I got into athletics twice in my life. The first time was when I started secondary school and fell in love with cross-country running. That affair lasted for six years and was ended by my taking up smoking on the same day that I won the school 1500m championships. I got back into running when I gave up playing football in my mid-thirties and entered the Dublin marathon as a replacement form of exercise. I don’t envisage falling out of love with running again.
2. Why do you run?
I get out of running what I put into it. I get to choose what running I do, where I do it and how hard I do it. Improvement and enjoyment are down to me.
3. Did you try different events or were you always a distance runner?
I started with middle distances and the steeplechase, gave up for twenty years, and then resumed with hill races and marathons. However, I last ran a marathon in London in 2015 before I was advised to limit myself to 10k or less due to a congenital heart condition that I was completely unaware of. I only found out about it when I went for a VO2 max test in the physiology lab in Trinity. I went into those tests with a view to upping my training – but left with significant restrictions being placed on my activities for the past 5 years.
4. Can you give a brief synopsis of your running career to date?
During my first career (1987-1993) I ran for the school cross-country and track and field teams. I picked up a few medals at East Leinster and Leinster along the way and set a school record for the 1500m in 1992 – beating the class bully and my best friend’s nemesis in a sprint finish to the tune of the cheers of everyone who had been bullied by him. I was mobbed at the finish. It was one of the greatest feelings of my entire life.
Since I have come back to running I have mainly focused on hill racing. I find the environment, the excitement and the camaraderie addictive. Highlights over the past few years include second-place finishes at Brockagh and RunTheLine, coming third with the Hurt Squad at the Wicklow Way Relay in 2019 and winning the M40 Winter League title in 2018.
5. What would you consider to be your main highlight ?
Undoubtedly it was being part of the winning TT team at ‘The Relay’ in 2017. I was quite anxious in the build-up to this race because I was the slowest runner on the team (we were required to have an over 40). But I was also really buoyed by the fact that I was competing with runners of the caliber of Tom Lupton, Ian Conroy, Laura Shaughnessey and Rory O’Connor. I have never taken a race so seriously. I reccied the route several times, backwards and forwards, in the weeks before the event. I got all my preparation right – sleep, training and diet. I gave up eating doughnuts. It was an incredible experience, and one that I will always be very grateful for.
6. When did you hook up with TTracers and what was the reason for doing so?
I joined in the summer of 2014. I work in Trinity and I used to cast an eye over to the TT sessions while on my lunch break. I would mutter with disapproval about all of the bronzed six-packs on show and thought that I would never want to be in a group like that! Rob Costello suggested that I join, and from the very first session I loved it.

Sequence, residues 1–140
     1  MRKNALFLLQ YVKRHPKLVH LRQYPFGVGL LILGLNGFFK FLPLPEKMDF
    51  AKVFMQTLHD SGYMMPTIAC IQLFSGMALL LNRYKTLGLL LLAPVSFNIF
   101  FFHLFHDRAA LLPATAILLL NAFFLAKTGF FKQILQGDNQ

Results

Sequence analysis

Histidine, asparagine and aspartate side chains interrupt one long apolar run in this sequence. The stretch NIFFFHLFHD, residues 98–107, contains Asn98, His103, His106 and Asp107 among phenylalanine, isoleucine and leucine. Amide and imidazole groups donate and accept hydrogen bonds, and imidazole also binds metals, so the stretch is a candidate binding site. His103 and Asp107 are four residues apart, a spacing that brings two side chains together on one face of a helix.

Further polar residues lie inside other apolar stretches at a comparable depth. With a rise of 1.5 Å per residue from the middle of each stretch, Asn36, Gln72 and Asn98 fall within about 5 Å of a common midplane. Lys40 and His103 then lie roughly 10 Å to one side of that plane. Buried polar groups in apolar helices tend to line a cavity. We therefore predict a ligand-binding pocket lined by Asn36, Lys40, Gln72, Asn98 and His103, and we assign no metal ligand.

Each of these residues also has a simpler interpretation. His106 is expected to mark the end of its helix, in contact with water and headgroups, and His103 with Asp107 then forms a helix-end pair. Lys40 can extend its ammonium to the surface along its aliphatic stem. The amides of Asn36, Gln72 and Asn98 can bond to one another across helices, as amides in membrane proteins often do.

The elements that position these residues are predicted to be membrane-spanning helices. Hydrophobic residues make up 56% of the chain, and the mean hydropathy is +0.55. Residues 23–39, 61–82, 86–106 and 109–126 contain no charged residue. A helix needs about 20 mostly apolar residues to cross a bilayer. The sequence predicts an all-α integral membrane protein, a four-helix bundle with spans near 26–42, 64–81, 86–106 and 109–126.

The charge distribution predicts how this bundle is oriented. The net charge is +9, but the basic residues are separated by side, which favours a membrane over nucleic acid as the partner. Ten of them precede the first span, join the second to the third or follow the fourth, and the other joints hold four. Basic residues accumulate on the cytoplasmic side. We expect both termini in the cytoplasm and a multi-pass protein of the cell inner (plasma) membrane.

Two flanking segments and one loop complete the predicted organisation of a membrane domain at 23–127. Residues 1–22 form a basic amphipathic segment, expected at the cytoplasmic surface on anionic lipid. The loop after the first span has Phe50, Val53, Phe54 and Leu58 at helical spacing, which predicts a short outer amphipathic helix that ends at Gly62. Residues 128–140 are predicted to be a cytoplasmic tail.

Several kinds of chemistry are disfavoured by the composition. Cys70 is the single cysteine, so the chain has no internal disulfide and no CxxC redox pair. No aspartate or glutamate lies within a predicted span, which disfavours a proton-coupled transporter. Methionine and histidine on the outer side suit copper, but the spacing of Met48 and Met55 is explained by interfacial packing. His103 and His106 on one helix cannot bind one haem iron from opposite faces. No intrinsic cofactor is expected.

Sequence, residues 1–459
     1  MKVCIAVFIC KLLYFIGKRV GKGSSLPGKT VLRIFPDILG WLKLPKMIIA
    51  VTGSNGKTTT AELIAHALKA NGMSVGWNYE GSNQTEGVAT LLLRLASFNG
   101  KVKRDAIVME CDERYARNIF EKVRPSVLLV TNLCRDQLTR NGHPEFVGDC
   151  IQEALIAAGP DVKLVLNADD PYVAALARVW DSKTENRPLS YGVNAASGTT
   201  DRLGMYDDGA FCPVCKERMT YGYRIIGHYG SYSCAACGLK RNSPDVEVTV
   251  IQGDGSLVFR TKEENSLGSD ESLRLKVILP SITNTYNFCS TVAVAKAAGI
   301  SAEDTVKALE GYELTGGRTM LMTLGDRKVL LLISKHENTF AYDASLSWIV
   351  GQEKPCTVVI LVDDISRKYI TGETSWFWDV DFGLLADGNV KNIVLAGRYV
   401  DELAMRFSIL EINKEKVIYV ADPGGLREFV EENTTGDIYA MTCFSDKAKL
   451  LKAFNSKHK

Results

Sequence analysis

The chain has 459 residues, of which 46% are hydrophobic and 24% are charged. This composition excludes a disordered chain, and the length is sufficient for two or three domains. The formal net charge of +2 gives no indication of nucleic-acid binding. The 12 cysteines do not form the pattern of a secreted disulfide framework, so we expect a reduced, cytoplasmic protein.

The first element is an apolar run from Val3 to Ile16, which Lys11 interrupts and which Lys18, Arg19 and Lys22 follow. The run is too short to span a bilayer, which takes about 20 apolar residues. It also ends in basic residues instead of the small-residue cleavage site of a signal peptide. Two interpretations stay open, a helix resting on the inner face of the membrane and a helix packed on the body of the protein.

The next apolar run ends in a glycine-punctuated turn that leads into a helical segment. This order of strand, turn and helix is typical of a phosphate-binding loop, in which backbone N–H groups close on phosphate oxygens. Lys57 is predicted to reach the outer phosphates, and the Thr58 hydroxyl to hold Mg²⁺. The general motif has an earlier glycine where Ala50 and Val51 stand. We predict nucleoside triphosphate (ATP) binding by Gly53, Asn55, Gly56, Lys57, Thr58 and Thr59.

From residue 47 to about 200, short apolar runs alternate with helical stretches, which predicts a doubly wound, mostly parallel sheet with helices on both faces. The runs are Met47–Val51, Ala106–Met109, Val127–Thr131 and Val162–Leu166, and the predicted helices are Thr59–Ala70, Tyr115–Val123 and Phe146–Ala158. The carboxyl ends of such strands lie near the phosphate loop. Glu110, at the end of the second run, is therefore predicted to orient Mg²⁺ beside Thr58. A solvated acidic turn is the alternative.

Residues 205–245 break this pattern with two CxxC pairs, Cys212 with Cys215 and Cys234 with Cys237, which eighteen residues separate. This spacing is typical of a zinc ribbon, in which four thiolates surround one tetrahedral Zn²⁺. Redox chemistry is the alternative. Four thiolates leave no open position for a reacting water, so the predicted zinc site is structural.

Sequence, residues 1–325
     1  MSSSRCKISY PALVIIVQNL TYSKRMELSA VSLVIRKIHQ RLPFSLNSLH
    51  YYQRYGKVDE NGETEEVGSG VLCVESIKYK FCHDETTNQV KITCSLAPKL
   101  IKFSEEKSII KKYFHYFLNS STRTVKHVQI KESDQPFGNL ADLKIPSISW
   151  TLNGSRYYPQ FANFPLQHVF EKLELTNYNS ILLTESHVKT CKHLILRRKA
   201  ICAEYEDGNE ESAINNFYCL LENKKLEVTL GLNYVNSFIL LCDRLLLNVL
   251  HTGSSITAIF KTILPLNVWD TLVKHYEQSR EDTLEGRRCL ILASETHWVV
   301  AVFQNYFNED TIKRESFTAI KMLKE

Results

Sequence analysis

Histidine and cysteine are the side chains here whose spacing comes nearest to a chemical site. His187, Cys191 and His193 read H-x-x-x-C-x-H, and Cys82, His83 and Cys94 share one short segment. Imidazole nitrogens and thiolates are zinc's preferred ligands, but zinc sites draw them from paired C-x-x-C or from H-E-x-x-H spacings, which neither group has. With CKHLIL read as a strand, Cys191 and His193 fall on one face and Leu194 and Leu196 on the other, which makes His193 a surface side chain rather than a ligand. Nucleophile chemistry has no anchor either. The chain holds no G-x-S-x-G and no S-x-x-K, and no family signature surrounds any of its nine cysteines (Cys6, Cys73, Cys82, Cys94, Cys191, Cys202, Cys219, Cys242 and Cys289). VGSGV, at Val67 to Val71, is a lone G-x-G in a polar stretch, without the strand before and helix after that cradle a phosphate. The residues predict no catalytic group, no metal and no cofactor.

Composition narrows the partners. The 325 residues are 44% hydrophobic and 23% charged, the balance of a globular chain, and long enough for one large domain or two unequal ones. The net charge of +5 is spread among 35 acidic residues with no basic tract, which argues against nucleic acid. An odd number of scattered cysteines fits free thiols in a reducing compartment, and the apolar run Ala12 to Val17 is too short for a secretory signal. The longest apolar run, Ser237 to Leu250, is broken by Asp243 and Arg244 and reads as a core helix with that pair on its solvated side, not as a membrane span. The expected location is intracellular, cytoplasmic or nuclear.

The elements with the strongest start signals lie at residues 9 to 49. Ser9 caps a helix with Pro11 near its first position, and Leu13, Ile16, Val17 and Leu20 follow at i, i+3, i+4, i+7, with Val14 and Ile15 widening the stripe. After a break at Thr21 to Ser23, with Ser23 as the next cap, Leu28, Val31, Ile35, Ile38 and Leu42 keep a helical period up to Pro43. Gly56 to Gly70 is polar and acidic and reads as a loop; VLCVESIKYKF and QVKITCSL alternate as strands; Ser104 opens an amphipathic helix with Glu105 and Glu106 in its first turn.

7. What would be in your eyes the main advantage of being part of TT racers?
Being a part of sessions that I would never do on my own. The value of TT racers has really been brought home to me in recent weeks. We have formed a satellite TT group in North Wicklow during the Covid-19 restrictions and getting to meet and train and push that bit harder with like-minded runners has been invaluable during this period – physically, mentally and socially.
The community element is really important to me. Sunday morning reccies for the Wicklow Way relays with other TT runners are thoroughly enjoyable. Meeting up with familiar TT faces at events helps calm the nerves. And if Terry is there, you have to run at your best, even if you weren’t planning to.
The support that I have received from Terry and Sonya and other TT runners since my surgery earlier this year has been invaluable. Brian Kitson, Aidan Blake and Rob Costello, in particular, have been the most supportive of friends to me throughout the past five years and have got me back running in the mountains in recent weeks. They have gone way above and beyond, and I’ll never forget it.
8. What’s the best running advice you’ve been given which has helped you to become a better runner?
Always have a Plan B. I was never more primed for a good marathon than I was for Dublin in October 2014. I had one plan – sub 3. I went through the first half in 1.28, but felt a bit unwell soon after. I was single-minded and pushed on, when I should have held back. By mile 21 my quads popped out and my knees locked. I walked/jogged to the finish. I hated that marathon and took a few weeks to get over the disappointment. Six months later, I could feel the same thing happening in London by mile 19 but instead of pushing on, I pulled back and tried for a PB instead. I made a pact with myself that sub 3:10 would be great. I ran in for a 3:02 and a brilliant experience. I loved that marathon, not knowing that it would be my last for some time.
9. What’s your running ambition going forward?
I had open-heart surgery a few months ago, so my short to medium term ambition is just to get back running and to enjoy it. I have been instructed to keep it at a low-to-moderate intensity for a while.